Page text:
Deploying canaries with auto

Coordinating changes across many packages in the node ecosystem can be quite the challenge. You can use npm link
or yarn link to create a symlink of the package you’re developing on into another package, but it
has some drawbacks. If you’re doing local
development and need to rapidly see updates and yarn link isn’t working out there’s always tools like
yalc to help you out. That’s really only for local development though.

What if you need to test packages together in a staging environment? Generally the approach would to be to deploy a
canary version to npm that you can use in your staging
environment. I’ll go over how to do that and how Artsy automates it.

Publishing a canary isn’t necessarily very hard. It’s just a regular publish to npm with a few more steps.

For example, if we were wanting publish a canary version of @artsy/reaction

  1. Update package.json, set version to a canary version, e.g. 2.0.0-canary-<PR#>, 3.1.5-canary-<PR#>, …
  2. Run npm publish --tag canary in reaction to publish the package under the canary tag
  3. Run yarn add @artsy/[email protected] to install canary package in the consuming system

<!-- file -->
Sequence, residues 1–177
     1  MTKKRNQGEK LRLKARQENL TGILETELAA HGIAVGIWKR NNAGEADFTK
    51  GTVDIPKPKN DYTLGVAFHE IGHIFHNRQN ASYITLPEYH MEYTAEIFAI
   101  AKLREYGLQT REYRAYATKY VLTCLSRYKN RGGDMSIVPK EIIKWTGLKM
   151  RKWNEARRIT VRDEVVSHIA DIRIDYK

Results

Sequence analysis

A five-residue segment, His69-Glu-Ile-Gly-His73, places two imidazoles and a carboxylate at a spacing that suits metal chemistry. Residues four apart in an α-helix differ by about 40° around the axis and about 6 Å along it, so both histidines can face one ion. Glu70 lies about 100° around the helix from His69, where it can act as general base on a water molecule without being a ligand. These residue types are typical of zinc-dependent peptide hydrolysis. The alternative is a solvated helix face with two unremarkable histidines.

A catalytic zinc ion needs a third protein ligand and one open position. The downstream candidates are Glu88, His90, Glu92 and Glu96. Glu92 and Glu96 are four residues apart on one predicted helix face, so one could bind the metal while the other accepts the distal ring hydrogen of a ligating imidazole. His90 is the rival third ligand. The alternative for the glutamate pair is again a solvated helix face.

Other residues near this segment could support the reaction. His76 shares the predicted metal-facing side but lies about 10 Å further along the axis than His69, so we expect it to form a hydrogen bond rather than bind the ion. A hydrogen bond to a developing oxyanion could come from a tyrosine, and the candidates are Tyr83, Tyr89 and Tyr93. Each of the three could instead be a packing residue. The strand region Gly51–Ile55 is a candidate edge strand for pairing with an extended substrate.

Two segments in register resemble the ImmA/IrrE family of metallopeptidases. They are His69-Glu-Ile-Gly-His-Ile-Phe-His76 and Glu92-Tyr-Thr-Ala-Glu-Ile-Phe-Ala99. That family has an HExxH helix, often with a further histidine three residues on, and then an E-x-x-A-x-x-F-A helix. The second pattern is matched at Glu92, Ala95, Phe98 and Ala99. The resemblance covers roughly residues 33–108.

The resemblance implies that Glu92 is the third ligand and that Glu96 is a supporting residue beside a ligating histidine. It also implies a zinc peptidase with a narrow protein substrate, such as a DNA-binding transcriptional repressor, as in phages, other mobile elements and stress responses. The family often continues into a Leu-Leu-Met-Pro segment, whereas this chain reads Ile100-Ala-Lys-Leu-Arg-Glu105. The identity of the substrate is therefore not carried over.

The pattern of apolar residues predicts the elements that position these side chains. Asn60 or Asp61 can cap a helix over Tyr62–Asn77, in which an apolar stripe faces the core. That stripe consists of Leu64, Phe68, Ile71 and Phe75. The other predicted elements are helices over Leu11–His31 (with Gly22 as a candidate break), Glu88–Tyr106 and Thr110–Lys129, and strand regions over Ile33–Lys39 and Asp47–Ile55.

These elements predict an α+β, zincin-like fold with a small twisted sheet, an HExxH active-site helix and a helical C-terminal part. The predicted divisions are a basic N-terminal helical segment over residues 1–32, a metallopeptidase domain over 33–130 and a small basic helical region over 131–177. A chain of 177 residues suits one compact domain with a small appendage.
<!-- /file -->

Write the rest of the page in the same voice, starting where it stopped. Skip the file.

Tip: Running npm dist-tag ls can be helpful to see what tagged packages are available

For a lot of people, that’d be enough. End blog post. Here at Artsy, we like things to be a little more

We’re already big fans of Auto, Intuit’s tool for automatically deploying
releases on PR merges. Orta wrote an awesome blog post on how we
migrated to auto from semantic-release a while back.

As a short recap, Auto makes the deployable units of a package be a PR instead of a commit. It uses labels like
Version: Major, Version: Minor, etc to determine how the PR will affect the package version. When a PR is
merged it’ll automatically cut a released based on that label.

As a testament to how awesome Auto is, it already supports
canary deployments out of the box!

Essentially when we’re on a branch that isn’t master our CI runs this command:

auto canary

and auto takes care of publishing a canary version to NPM and updating the PR description with the version and
instructions on how to use it.

You can check out the PR where I enabled in on reaction to see it in
action. The CI configuration itself it’s layered behind some
CircleCI Orbs. You can find all that configuration in
artsy/orbs if you’re curious.

Ultimately the culmination of this work means that every PR to a library at Artsy gets a canary. It’s incredibly
simple to test changes in another system now.

There is, however, one caveat. Being as canaries are being deployed to NPM, they need our NPM token. We can’t just
share that with everyone, so this functionality doesn’t work on forks. Given how CircleCI works, this includes forks from
folks who even have write access to the repository. We’re thinking about how to solve that problem but that’ll be
another blog post for another day.

Source: Artsy